For example, you may find that your initial metrics analysis shows that the best approach is a pay-per-click (PPC) campaign through Google Ads and a paid social media campaign.
If you notice that your PPC ads are the main ones driving traffic, you can redirect most of your resources to this technique.
This, in turn, should help you grow your marketing funnel as well as your sales funnel while still attempting to reach users through multiple channels.
Improve Employee Performance
One of the unsung benefits of key metrics for digital marketing is that you can use it them evaluate the performance of your marketing team.
Important metrics like customer acquisition cost, total web traffic generated, and the current number of leads in the marketing funnel are the best ways to measure success.
If you find that these important marketing metrics are below average markers, it’s a sign that you need to improve your marketing strategy.
The good news is that these same metrics highlight your areas of improvement, which gives your marketers the queues they need to make the right improvements.
Identify Troublesome Trends and Address Them Ahead of Time
The use of digital marketing metrics doesn’t have to be reactive.
As a matter of fact, once you make the right adjustments and ensure that all your stats are in the green, the next natural step is to start identifying troublesome trends.
- More helpful reading: https://www.fannit.com/blog/future-of-digital-marketing/
The reason for this is that negative trends are usually a sign of what’s to come, so they work as a warning for your business.
For example, if you notice that you’re getting less mobile traffic but you haven’t changed your marketing budget, you may need to adapt to a new consumer tendency that’s changing the way users search for data.
25 Key Digital Marketing Metrics You Should Pay Close Attention To
Now that we’ve shared the benefits of tracking the metrics of your digital marketing campaigns, let’s take a look at the most impactful statistics you can monitor.
There are two very important elements to keep in mind.
First of all, every single business is different.
Some measure success exclusively by the number of paying customers generated, while others take a broader approach and consider all performance elements.
You need to figure out which system is best for your business and create a personalized digital marketing analytics strategy for your brand.
Second, remember that all digital marketing efforts have a unique set of metrics.
This is because metrics analysis can be applied to all levels of your strategy.
You can evaluate metrics for a specific page, organic traffic, keywords you use, and all other marketing channels that are part of your mix.
- More helpful reading: https://www.fannit.com/blog/traditional-marketing-vs-digital-marketing/
With this in mind, let’s take a look at our picks for the 25 top key metrics for digital marketing.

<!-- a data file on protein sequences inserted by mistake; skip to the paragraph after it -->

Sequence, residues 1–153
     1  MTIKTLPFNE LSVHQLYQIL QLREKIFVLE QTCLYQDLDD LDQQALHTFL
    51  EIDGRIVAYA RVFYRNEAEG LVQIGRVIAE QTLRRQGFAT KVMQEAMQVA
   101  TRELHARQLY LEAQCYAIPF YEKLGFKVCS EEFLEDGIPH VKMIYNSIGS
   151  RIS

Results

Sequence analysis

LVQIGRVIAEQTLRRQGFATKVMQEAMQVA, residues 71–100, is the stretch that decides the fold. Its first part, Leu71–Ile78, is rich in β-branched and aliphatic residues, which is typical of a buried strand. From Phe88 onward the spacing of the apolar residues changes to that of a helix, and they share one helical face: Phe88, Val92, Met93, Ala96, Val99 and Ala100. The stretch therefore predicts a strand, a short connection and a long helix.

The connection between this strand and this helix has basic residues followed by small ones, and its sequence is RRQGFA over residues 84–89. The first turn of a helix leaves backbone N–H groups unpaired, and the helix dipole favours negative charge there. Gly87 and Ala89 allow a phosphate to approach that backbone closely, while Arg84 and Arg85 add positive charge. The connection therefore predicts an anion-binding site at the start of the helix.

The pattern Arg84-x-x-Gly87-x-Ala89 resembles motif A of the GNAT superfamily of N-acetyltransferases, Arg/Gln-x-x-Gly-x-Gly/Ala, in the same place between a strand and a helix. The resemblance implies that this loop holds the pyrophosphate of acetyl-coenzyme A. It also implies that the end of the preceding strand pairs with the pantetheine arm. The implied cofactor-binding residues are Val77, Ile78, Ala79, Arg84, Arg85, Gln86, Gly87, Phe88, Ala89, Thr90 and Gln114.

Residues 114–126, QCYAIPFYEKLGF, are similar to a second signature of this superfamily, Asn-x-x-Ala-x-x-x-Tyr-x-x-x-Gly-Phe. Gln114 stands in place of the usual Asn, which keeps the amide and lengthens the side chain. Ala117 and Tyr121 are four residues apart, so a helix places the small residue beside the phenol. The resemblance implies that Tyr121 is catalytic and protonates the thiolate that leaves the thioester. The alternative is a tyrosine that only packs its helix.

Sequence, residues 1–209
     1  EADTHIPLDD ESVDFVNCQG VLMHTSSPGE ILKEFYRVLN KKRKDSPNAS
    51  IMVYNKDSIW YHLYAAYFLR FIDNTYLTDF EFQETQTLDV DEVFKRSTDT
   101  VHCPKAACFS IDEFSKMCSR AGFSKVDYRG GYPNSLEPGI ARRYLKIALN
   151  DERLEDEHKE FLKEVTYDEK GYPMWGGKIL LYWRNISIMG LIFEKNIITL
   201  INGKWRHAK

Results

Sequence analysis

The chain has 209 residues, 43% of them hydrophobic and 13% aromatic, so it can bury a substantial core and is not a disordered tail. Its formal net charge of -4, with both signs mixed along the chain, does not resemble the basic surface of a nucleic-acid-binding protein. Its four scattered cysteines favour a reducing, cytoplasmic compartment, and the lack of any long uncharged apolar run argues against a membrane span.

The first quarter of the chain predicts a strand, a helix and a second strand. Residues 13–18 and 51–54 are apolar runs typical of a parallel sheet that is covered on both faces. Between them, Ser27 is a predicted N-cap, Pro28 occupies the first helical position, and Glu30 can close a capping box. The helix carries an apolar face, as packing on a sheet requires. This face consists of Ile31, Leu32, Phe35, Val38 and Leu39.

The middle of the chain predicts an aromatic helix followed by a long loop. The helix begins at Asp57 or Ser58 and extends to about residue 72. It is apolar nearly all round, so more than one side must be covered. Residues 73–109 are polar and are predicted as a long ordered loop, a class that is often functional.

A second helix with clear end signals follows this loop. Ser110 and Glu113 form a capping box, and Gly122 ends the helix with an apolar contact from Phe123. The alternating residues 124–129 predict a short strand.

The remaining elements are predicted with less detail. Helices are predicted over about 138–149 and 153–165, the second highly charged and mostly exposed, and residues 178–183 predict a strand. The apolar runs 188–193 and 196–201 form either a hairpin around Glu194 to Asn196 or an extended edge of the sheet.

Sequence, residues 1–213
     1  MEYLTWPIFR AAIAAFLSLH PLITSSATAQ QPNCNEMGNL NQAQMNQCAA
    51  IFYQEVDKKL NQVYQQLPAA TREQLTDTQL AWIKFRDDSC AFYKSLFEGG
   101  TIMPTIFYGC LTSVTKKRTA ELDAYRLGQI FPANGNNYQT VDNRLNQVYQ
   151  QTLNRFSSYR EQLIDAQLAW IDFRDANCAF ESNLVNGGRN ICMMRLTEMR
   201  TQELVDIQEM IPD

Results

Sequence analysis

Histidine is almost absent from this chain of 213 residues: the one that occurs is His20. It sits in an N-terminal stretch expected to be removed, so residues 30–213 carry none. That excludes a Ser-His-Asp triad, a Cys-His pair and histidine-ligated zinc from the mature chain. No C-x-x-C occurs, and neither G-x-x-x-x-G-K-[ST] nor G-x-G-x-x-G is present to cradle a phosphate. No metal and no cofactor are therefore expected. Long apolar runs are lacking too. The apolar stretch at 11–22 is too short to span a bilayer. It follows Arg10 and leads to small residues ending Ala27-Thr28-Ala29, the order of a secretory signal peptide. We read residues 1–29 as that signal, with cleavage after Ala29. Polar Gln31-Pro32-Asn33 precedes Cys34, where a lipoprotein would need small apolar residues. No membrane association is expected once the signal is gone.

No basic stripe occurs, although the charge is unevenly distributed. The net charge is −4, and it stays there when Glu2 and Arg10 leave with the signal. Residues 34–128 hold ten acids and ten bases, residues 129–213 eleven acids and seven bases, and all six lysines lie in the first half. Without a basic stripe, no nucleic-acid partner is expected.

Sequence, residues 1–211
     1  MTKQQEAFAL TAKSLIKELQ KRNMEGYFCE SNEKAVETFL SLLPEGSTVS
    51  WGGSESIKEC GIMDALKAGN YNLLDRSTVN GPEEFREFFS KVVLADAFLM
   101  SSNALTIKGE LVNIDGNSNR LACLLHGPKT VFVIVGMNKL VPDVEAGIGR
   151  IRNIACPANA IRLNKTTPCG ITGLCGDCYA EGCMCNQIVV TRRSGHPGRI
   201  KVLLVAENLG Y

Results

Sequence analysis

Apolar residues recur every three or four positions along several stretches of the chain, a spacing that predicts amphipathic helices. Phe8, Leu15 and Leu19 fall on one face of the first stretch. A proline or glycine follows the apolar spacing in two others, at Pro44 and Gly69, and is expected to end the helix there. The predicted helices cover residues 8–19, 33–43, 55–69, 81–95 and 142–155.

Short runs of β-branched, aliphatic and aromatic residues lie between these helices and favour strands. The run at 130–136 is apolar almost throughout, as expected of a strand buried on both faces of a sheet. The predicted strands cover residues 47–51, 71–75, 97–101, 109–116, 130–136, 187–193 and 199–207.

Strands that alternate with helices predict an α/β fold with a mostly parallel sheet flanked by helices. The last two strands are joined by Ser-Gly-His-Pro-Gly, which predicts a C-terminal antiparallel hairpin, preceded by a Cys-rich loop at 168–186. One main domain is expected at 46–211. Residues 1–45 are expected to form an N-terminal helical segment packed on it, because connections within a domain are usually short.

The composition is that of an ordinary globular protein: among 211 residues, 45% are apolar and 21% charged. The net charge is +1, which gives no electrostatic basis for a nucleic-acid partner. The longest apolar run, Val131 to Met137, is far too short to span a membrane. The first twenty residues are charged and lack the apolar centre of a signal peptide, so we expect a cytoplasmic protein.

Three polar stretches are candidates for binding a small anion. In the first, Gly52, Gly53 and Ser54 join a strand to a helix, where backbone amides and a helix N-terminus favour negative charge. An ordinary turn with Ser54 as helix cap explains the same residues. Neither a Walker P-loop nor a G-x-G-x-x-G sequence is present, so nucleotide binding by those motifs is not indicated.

Remember that we’re including a mix of search engine optimization (SEO), social media, PPC, email marketing metrics and many more, but we’ll point out where you can use each statistic we recommend.
1. Total Site Traffic
The first digital marketing metric we’ll discuss is total site website traffic. As the name suggests, this metric measures the number of visitors that a particular marketing channel has sent to your website. This includes both returning and new visitors, but most tracking tools allow you to filter them accordingly.
You can categorize these visitors in a lot of different ways, but the most basic level is by desktop and mobile devices.
Note that you can measure the individual website traffic for each channel or look at your marketing efforts as a whole.
That said, this is a key metric for organic search strategies like small business SEO.
Not only this, but remember that this metric can be countered by a high bounce rate, so remember to check both before making adjustments to your site.
2. Traffic Source
If you’re looking at the performance of your digital marketing strategy as a whole, then you’ll need to analyze your web traffic based on the traffic source.
The traffic source is the page or platform that has sent the visitor to your site.
Common website traffic sources include social media networks, paid search engine marketing campaigns, organic landing page links, and many more.
In terms of digital marketing measurement identifying the traffic source is crucial because it helps you understand which efforts are performing well.
Now, remember that the success of your digital marketing campaigns should be judged by much more than sheer traffic, but this is always a great place to start.
3. New Visitors vs. Returning Users
As a business owner, you’re probably aware that bringing in new customers is usually more expensive than attracting recurring clients.
You should see your website visitors the same way and pay a lot of attention to returning users.
This is one of the most important digital marketing metrics because it also allows you to calculate your percentage of returning customers.
When a user returns to your page frequently, especially through organic search results, this person has a higher chance of becoming a paying customer.
You can learn from this statistic even if you’re not performing well.
Look at it this way: if you notice that recurring visitors have the same or a lower bounce rate than recurring customers, it means that your title and metadata are great, but the content on your page needs some work.
4. Number of Sessions
The number of sessions describes the number of times a user accessed your page and started browsing.
Note that the generalized sessions metric includes visits from the same users.
You can also divide and analyze the number of sessions based on whether they come from new or returning customers.
5. Average Session Duration
The average session duration is one of the most helpful online marketing metrics because it tells you how engaged your visitors are. This metric measures how long each session is, in other words, how long users stay on your site each time they visit.
Note that the purpose of your site will directly impact this metric.
For example, informational and ecommerce sites have very different expectations. Additionally, session duration metrics also vary depending on your industry.
If you notice that your average session duration is too long, it means that you need to improve elements of your user experience or UX. in this case, ask yourself: